Since Lula’s election as president, some progressives (at least outside of Brazil) have been somewhat complacent about “our guy” in Brasilia. Grassroots International’s partner the Landless Workers Movement (MST) and others of its allies in Brazil are making sure that they hold Lula accountable; and are presenting a real picture of what’s happening with Brazil’s economy, agriculture and enviroment, and its impacts on the vast majority of its citizens. Recently, one of the MST’s leading thinkers and activists, Joao Pedro Stedile (a member of Grassroots’ Resource Rights Advisory Group) wrote on Brazil’s neoliberal agrarian model for the February 2007 issue of the Monthly Review. The full article is available on Monthly Review‘s website but we have excerpted from the introduction below:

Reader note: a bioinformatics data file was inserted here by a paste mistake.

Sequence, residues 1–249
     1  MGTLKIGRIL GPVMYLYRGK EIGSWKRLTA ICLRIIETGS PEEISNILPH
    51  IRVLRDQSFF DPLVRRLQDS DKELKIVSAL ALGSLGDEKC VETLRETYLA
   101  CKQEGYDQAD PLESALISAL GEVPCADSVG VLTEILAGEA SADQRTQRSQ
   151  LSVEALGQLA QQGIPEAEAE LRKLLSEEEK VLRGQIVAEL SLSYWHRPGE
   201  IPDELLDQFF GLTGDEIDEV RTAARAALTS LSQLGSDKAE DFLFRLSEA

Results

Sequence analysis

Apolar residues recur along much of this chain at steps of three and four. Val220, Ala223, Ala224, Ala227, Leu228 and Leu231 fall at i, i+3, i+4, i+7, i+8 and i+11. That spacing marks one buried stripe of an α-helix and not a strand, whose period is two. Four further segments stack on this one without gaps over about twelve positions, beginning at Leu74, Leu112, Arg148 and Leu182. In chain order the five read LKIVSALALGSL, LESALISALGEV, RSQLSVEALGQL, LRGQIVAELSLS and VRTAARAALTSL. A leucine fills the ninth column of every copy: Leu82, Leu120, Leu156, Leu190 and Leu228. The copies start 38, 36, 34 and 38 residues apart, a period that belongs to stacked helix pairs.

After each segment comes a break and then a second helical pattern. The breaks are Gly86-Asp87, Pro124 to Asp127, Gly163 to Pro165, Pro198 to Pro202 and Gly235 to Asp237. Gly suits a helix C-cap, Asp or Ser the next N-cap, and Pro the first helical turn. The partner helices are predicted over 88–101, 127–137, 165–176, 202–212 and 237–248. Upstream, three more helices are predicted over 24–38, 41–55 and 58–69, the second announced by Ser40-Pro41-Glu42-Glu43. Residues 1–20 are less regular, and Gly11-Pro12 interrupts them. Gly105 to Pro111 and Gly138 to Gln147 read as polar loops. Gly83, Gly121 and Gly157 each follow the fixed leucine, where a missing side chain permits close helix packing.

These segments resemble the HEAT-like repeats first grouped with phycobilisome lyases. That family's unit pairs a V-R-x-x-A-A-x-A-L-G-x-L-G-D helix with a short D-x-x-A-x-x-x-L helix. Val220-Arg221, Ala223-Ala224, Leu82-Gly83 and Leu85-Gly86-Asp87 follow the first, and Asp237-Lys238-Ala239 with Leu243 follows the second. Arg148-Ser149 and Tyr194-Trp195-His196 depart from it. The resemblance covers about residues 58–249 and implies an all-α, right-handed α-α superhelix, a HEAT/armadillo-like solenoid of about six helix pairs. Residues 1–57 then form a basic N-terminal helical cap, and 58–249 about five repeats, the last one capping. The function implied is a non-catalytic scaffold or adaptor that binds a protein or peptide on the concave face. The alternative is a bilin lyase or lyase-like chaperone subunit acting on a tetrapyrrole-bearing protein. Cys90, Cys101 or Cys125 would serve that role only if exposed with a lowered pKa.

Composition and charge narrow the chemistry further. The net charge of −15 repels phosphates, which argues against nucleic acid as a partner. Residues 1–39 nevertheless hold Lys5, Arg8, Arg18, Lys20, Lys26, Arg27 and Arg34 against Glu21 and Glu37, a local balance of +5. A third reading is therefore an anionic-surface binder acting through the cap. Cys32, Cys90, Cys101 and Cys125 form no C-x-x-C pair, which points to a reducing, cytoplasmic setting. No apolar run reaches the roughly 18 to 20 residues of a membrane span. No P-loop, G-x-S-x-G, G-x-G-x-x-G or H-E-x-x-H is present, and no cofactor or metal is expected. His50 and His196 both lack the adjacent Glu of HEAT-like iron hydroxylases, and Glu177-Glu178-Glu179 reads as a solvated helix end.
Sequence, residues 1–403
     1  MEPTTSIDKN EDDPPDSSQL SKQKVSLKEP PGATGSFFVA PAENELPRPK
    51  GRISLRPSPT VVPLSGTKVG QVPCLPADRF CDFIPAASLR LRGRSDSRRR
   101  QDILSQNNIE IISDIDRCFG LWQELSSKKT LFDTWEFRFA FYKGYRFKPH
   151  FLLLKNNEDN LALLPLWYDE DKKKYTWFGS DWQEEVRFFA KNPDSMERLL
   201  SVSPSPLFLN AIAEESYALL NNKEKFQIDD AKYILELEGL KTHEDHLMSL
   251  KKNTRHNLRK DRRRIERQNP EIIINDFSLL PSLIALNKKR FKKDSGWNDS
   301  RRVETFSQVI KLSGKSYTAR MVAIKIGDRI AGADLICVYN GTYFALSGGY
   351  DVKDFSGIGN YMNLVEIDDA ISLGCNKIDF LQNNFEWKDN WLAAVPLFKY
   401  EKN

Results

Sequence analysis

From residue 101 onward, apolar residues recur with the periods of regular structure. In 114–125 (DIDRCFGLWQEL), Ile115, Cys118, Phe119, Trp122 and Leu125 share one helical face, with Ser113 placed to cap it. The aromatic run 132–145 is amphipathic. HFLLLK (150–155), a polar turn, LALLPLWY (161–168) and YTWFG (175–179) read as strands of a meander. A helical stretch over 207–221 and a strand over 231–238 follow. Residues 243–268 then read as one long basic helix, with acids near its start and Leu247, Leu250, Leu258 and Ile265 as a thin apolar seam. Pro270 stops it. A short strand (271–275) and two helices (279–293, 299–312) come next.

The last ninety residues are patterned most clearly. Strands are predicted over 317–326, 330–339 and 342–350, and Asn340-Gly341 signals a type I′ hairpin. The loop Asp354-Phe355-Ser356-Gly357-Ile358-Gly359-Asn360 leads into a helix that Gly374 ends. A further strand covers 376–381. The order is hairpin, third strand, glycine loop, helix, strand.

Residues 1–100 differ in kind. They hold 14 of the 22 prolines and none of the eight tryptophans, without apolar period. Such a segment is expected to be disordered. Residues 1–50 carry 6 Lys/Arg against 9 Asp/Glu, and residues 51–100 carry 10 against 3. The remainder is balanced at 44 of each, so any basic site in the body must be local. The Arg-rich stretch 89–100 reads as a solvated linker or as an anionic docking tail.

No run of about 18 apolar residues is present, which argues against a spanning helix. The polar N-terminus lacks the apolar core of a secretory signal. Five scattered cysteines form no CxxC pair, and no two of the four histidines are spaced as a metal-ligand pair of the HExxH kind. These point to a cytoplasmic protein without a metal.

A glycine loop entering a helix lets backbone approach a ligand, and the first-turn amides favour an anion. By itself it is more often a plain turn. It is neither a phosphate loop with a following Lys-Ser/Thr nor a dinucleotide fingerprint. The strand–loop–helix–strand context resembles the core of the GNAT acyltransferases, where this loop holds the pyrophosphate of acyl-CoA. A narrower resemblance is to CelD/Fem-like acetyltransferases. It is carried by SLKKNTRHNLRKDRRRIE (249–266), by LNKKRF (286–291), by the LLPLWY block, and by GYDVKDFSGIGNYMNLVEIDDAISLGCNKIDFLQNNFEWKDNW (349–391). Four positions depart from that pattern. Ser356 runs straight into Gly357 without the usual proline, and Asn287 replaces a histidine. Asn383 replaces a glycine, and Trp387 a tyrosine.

“Since Fernando Collor’s 1989 presidential victory, and most notably since Fernando Henrique Cardoso’s two terms in office (1995–98 and 1999–2002, respectively), economic policies have been enacted in Brazil that represent a subordinate alliance of the country’s dominant classes with international capital. Unfortunately, under President Lula these same sectors have remained in control, and economic policy caters to their interests.
The results are well-known. There has been denationalization, the Brazilian economy is even more dependent, and our best and most profitable companies have been handed over to transnationals. Banks have had fantastic profits—Brazil has offered the highest interest rates in the world. The role of government in the economy has been cut back. Policies have been enacted that privilege the transfer of wealth to the financial system through the state sector.
Under Lula’s government, the neoliberal model is now being applied to the agrarian sector. An alliance has been sealed between the major capitalist farmers and ranchers and the multinationals that control the international commodity trade, the seed trade, pesticide production, and agri-industry….”